Friday, December 9, 2011

What Defines Us

Parshat VaYishlah
13 Kislev, 5772
December 9th, 2011

It happened for the first time in 2009. Customers, lined up since 9pm the night before, literally burst through the Wal-mart’s doors at 5am, and trampled an employee, Jdimtyai Damour, to death.

This year, a women pepper-sprayed 20 others in the face. Her reason? To clear a path to the Xbox display.  A 63 year man collapsed in a Target when his heart failed. Shoppers stepped over his fallen body so they could continue shopping. He later died in the hospital.

Largely in order to deal with these incidents, retail chains started opening for 24 hours on the Friday after Thanksgiving, meaning that their employees leave their Thanksgiving tables to go straight to work, or lose their jobs.

Societies are defined not only by the values they promote, but also by those they tolerate. The toleration of the culture that Black Friday has spawned is one of the worst insults we can level at ourselves. What we allow is the statement, yearly, on our national day of gratitude, that the consumption of non-essential goods at rock bottom prices far outranks our valuation of human decency. Don’t believe me? Here’s how we feel about towels. 

I have a paperweight that reads, “kol yisrael arevim zeh lazeh” – all of Israel is responsible for one another. It’s from the Talmud - a lovely sentiment, just looking at it.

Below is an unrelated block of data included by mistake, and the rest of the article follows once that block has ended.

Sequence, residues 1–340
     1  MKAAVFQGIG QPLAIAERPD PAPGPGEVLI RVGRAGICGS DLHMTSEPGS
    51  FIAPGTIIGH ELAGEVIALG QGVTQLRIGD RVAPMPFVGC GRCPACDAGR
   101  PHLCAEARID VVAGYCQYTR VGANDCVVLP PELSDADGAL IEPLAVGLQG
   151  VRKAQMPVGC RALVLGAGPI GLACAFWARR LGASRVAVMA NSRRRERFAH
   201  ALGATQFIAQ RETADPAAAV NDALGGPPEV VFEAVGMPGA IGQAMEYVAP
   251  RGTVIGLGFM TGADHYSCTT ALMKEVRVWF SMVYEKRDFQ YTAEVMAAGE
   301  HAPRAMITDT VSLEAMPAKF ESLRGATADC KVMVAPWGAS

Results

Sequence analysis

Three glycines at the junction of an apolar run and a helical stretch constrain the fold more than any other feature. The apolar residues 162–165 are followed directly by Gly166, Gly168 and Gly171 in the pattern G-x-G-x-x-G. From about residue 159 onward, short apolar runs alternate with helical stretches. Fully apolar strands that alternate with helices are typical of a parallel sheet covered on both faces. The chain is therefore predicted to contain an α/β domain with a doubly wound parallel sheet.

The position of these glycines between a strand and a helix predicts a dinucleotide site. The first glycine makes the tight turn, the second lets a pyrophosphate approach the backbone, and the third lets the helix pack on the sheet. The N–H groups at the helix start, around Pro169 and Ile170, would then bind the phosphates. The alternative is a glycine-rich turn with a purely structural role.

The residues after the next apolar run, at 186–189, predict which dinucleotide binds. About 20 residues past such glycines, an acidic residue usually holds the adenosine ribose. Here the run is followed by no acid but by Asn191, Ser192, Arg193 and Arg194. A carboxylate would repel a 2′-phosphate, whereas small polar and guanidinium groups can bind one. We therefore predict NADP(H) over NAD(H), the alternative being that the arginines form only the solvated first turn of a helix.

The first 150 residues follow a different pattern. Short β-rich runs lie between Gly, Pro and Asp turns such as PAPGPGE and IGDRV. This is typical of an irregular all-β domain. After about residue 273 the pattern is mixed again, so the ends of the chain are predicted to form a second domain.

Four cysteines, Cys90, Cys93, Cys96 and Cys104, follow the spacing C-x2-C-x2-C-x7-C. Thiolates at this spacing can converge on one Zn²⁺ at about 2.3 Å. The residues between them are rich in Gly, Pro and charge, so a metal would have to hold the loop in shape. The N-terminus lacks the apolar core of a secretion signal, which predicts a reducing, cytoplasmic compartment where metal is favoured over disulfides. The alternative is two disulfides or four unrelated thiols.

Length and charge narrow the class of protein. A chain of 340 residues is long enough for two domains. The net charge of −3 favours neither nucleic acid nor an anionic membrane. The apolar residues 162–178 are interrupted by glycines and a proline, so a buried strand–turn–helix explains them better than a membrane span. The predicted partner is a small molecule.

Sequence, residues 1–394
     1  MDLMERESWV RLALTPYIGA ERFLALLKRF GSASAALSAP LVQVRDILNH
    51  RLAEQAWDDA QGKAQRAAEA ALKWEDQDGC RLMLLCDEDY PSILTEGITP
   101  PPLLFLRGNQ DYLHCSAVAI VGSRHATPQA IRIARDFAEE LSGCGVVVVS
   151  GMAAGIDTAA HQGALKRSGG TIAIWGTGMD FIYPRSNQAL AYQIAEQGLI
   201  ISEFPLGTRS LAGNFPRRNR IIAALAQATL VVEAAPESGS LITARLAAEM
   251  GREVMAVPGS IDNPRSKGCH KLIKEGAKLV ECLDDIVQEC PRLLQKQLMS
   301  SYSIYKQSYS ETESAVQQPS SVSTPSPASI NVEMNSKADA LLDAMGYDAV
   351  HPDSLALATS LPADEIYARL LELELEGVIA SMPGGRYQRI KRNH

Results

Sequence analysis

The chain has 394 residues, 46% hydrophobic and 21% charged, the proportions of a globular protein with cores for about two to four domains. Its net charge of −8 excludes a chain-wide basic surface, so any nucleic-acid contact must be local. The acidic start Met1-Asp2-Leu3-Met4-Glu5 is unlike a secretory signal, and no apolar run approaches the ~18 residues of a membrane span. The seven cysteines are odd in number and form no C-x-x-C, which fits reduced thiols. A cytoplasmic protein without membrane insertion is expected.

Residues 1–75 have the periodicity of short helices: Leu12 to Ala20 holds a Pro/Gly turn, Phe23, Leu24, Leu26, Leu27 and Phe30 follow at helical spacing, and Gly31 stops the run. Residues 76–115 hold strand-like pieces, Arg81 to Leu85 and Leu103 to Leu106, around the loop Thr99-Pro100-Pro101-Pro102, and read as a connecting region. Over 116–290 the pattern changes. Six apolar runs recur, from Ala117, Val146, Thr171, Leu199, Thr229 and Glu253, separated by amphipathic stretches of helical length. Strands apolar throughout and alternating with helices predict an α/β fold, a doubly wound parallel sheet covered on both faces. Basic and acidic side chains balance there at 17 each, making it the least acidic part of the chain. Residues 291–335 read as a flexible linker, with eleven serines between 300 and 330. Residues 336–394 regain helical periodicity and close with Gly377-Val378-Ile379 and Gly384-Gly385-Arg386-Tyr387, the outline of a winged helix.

But the dirty little secret of the phrase is that, in context, it means that all of Israel is legally responsible for one another: that is, we bear culpability for each others actions simply through because part of the same nation. What our neighbors do reflects upon us.

This is deep wisdom about what it means to be a nation, about the impossibility of eschewing mutual responsibility, and it is true here as well. What is allowed to happen on Black Friday speaks volumes about us all, and is destroying the only truly ecumenical holiday in this country. It’s time for the end of Black Friday.

1 comment:

  1. Rabbi Perlo,

    Without excusing the deplorable behavior that Black Friday seems to create, I think that one needs to look a little closer at the situation and with a little more sympathy. I agree that we are responsible for one another, but I don't feel the same way about towels as the people in the video. I can afford to purchase towels that aren't on sale. Maybe some of the people in the video can't?